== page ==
In lieu of a formal classroom experience, here are a few tips to supplement your on-the-job experience and fuel your marketing knowledge and expertise:

Examine business case studies. Steiner says she learned the most during her MBA experience by reading and analyzing business case studies (she recommends those by the Harvard Business Review) and discussing them with her professors and peers. Outside of an MBA program, seek out other marketing professionals to learn their opinions and feedback on different business ideas. Industry-specific marketing groups, such as those found on LinkedIn, are also helpful for asking questions and learning new ideas.

Watch business documentaries. Steiner advises watching documentaries that chronicle the successes of other companies to learn how they do things. She particularly recommends the Bloomberg TV series “Inside,” which spotlights companies such as Chipotle and Ebay to highlight how they started and continue to outpace their competition.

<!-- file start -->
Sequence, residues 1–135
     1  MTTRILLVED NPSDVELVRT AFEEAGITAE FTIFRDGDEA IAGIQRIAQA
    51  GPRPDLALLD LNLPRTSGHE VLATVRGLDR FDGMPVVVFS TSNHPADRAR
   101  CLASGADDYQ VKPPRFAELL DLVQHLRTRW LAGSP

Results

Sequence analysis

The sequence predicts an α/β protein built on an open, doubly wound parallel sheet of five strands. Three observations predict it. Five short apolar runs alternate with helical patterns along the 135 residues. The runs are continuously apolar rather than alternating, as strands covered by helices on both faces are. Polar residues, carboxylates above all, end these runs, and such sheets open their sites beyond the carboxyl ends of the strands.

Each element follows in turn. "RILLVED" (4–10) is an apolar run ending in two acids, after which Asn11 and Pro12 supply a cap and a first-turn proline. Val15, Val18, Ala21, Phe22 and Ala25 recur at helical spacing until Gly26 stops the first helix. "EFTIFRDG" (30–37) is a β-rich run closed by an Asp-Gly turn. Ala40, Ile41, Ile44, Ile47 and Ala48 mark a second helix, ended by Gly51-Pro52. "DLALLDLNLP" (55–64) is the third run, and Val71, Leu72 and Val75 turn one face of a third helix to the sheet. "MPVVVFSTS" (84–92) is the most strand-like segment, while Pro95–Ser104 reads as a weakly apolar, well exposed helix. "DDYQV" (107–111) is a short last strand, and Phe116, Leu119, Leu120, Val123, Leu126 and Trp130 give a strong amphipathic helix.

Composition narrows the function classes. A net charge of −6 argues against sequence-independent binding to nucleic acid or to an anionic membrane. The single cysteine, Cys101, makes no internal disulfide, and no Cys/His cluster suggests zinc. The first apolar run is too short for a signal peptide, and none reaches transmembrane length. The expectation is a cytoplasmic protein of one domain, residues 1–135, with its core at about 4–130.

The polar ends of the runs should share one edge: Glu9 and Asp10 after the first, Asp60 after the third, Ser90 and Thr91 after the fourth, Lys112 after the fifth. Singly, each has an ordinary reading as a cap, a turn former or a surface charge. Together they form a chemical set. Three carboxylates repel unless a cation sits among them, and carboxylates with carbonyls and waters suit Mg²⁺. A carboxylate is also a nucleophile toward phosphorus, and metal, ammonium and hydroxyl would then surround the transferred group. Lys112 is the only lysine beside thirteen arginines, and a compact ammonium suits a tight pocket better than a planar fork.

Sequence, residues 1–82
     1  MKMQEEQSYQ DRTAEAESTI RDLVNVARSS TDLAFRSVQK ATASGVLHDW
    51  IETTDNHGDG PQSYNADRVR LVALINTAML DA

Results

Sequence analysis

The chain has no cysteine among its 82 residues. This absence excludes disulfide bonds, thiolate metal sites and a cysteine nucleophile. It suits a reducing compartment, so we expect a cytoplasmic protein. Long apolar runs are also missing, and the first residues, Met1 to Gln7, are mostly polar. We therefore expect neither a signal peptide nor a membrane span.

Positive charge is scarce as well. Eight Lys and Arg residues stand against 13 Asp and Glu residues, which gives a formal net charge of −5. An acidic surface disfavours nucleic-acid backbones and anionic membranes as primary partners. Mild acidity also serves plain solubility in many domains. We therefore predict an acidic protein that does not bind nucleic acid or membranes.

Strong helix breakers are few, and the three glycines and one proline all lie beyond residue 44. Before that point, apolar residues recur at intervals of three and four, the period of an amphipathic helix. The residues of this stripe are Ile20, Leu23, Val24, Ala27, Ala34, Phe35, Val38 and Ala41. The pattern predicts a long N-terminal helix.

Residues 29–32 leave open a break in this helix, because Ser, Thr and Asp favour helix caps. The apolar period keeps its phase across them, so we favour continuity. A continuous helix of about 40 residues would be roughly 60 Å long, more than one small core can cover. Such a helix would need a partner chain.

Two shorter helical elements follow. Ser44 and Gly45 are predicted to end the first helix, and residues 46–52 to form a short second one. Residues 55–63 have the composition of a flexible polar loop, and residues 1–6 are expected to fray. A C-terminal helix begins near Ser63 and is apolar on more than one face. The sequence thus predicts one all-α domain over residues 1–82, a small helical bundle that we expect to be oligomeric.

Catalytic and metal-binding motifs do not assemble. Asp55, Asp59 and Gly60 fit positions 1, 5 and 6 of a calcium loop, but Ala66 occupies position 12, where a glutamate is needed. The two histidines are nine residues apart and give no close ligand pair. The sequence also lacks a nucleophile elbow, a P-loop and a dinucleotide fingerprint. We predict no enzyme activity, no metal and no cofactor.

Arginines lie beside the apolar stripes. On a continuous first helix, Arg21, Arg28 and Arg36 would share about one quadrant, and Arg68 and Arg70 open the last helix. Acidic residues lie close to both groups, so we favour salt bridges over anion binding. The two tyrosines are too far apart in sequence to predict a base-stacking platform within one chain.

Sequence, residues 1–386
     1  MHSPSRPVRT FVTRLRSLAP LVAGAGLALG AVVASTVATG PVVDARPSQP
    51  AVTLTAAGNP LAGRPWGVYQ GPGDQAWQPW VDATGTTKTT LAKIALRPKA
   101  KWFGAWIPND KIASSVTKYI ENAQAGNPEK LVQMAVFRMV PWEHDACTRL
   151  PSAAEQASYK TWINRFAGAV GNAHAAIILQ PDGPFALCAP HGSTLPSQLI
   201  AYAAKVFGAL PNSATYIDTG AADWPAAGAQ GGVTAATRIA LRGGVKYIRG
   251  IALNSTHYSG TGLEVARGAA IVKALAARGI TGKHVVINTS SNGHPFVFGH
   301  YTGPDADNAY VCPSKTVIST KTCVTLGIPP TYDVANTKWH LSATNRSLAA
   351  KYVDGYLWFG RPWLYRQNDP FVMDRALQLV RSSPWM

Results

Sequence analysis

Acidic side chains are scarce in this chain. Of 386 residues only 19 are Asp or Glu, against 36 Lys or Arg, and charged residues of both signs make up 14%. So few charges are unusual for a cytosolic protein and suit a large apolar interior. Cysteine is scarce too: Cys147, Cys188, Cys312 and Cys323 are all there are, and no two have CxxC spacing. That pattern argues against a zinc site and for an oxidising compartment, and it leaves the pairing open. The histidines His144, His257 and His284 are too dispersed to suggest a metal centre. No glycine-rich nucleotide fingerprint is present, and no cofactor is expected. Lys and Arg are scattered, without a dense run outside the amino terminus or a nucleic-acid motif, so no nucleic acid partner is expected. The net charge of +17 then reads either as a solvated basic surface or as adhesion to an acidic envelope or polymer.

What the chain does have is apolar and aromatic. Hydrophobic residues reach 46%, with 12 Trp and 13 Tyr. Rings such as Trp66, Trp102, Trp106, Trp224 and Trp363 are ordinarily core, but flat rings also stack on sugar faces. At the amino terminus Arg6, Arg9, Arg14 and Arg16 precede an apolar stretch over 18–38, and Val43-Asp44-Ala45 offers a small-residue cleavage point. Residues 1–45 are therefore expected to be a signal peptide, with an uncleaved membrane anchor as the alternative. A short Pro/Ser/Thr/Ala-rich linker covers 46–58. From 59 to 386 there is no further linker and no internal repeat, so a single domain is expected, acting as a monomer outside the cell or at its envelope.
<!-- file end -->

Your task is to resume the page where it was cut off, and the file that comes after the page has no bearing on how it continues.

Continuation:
Immerse yourself in the experiences of other marketing professionals. Steiner recommends reading business news and browsing videos on YouTube, where you can find TED Talks with marketing professionals and presentations from students at business schools. She also suggests looking for ways to learn from CEOs by reading books they’ve written on their experiences and attending talks they give at universities and/or business conferences.

There’s no doubt that earning an MBA can open doors and provide salary bumps, but it’s not the right choice for everyone. What are your thoughts on how a marketing MBA can affect the career of a B2B marketer? Share a comment in the section below.

Thumbnail image “MBA graduation 23 09 2010 Odd Fellow Palæet” created by AVT Business School used under CC BY-SA 2.0.